One of the great rags to riches stories of famous people belongs to Coco Chanel—though the world’s most influential fashion designer would never admit it, preferring to offer various fictional versions of her early life after she had reached great celebrity. Nobody was supposed to know that her childhood was spent in one-room hovels and her adolescence in a grim orphanage.
Thanks to numerous biographers who have delved into her past, including a couple of her close friends, we now know the story in much detail of how Chanel rose from dire poverty to a pinnacle in society, even becoming the long-time lover of Britain’s richest man, the Duke of Westminster, and a friend of Winston Churchill, both before and after his legendary wartime leadership. Her early years all passed in central France—and the locations make a fascinating itinerary for a Chanel-based trip through that region of pastoral beauty and historic towns. Her father being a pedlar and market vendor, trying his luck in various places, there are quite a few towns and villages where little Gabrielle found herself housed as the family moved around the region.
She was born in 1883 at Saumur in the Loire Valley, that beautiful stretch of river famed for its lovely chateaux erected in the 16th and 17th centuries. But soon the family was on the move, to one village in the poor Auvergne region and then another. Her last and longest childhood home was in Brive-la-Gaillarde, a bustling market town in the Corrèze department. Gaillarde means spirited, aptly for the young girl who showed such spirit when she’d grown up. Brive is also the ideal place to begin a journey through Chanel’s youth, easily accessed via short flights from Paris or direct trains from the capital. An ancient town of 50,000 inhabitants, built in pink sandstone with blue slate roofs, here you can settle into provincial France with plenty of decent hotels and restaurants—and a market famous for its fresh foie gras and local truffles.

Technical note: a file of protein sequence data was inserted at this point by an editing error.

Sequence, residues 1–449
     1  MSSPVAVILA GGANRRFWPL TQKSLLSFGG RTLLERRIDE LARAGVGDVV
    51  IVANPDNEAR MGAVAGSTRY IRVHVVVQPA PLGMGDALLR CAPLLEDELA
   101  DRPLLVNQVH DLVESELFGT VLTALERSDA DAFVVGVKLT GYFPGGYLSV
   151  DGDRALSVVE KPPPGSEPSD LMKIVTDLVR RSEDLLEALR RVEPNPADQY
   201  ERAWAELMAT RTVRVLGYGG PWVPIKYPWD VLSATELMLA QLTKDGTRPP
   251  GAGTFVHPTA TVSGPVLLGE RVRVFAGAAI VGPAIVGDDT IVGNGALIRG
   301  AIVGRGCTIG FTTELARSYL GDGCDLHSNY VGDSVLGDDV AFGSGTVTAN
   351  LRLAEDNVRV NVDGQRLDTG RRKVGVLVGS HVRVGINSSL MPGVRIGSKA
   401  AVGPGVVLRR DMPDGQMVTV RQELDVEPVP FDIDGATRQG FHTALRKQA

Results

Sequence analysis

With not a glimpse of such luxury, it was here that the family of three sisters and two brothers all lived in one room, in which Chanel’s mother died of tuberculosis when the little girl was just 12. Her father could not take care of his brood and farmed them out, with Gabrielle and her sisters deposited in an orphanage. He never came back. For little Gabrielle it seemed the end of the world, tellingly depicted in the 2009 film Coco Before Chanel but she came out of it six years later with some basic skills and, most importantly, a burning desire to succeed.